On The Way To Quiet

As I always hope to do, I find spiritual motivation and inspiration in a variety of places and in a variety of voices. This can and does prove to be a bit of a problem, however, when I begin to search for those sparks of inspiration, rather than simply allowing them to hit me.

These days, we can be bombarded with voices constantly, if we allow it. Whether these voices express views we espouse ourselves or those with which we disagree, they may speak about truly superfluous topics (celebrity gossip, sports), or to truly essential human topics, like spiritual life and holiness. We can get ourselves “into the weeds” a bit, and distracted.

Even in the midst of so great a wealth of helpful and worthwhile resources and media, those authentically graced moments of Holy-Spirit-breathed inspiration can easily elude us. Conversely, wading through that tremendous volume of thought could lead us to those moments in uniquely timely ways.

For example, one of the few podcasts to which I listen regularly had a discourse on the life of prayer, and being properly disposed to fruitful prayer, that is prayer that is filled with consolation from God. In this instance, the hosts of the podcast agreed on the brief statement that the very best we could hope to be when we go to pray is fully open and expectant.

Of course, this is no kind of guarantee, and not a formula for consistent mystical experiences with the Lord in prayer. However, the more perfectly open we are, the more able:

1) We will be to receive what the Holy Spirit wishes to communicate to us.

2) God is free to touch our hearts and bring us to experience his love in a given moment.

The way to be the more open, though, is through detachment from worldly concerns and things.

Therein lies the irony: if I hadn’t listened to that podcast, I wouldn’t have heard this insight that I know will fuel my efforts to grow in prayer for weeks and weeks to come, as I struggle to still myself and listen—to God, and not the hundreds of voices from throughout the years of my life that float and echo through my consciousness, when I attempt to stop the wheels of my own thought processes from turning.

Admittedly, something must be said for striking a balance between being wholly disconnected from these unexpected avenues the Holy Spirit may use, and saturating the ears of my heart with sounds (even music), voices, and noises, and indeed ideas I consume from various media sources. Obviously, there is too much of a good thing, and on the other hand, we clearly don’t know everything, or plumb all the depths of the spiritual life in all facets, so we need to take in new information or things we have heard before that bear repeating.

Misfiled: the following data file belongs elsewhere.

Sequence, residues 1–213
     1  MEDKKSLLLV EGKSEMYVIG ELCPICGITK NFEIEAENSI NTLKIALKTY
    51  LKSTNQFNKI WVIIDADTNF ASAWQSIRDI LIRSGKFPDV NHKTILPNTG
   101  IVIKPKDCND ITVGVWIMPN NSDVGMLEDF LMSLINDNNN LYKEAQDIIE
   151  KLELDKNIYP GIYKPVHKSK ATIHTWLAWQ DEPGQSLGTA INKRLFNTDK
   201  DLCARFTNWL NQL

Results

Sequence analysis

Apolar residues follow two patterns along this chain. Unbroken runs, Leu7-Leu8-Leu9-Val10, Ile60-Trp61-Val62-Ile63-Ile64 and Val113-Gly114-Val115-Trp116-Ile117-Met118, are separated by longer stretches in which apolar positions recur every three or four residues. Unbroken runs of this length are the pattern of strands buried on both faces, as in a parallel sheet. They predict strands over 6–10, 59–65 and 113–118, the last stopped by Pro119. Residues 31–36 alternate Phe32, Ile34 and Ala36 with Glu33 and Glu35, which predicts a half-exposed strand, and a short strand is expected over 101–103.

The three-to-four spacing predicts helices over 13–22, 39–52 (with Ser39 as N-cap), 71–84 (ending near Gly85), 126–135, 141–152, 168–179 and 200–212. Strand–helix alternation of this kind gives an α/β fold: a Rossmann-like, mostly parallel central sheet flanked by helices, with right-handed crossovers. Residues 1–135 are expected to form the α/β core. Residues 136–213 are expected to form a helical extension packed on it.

The news, social media, radio shows, podcasts, music of all kinds (yes, even distinctly sacred music), and of course television, short videos, and other visual arts all occupy a given amount of the sort of finite mental bandwidth at our disposal.

This is what gives rise to the various movements or thoughts of either removing or severely curtailing the use of technological resources. I know that is a refrain that can (and sometimes does) become tiresome. We can only tolerate being told so many times to put it down, turn it off, or log out before we indeed “tune out”. We become so familiar with a message that we no longer hear it, unfortunately, sometimes, having never internalized it.

Unfortunately, I feel I am among the worst at this kind of moderating of my own media intake, so I really have nothing to say in terms of giving proven or successful advice. Hopefully, however, this article finds you in a moment like the one I am in: realizing that I have not lived up to my baptism into the family of God, understanding that I have adequately tended to the will of my Father to be in intimate, personal, ongoing, and growing relationship with me.

If we are open, God is always ready – ALWAYS ready – to meet us. What steps do I need to take in order to hear the Lord in the immediate moment?

David M. Dunst
Director of Music and Liturgy

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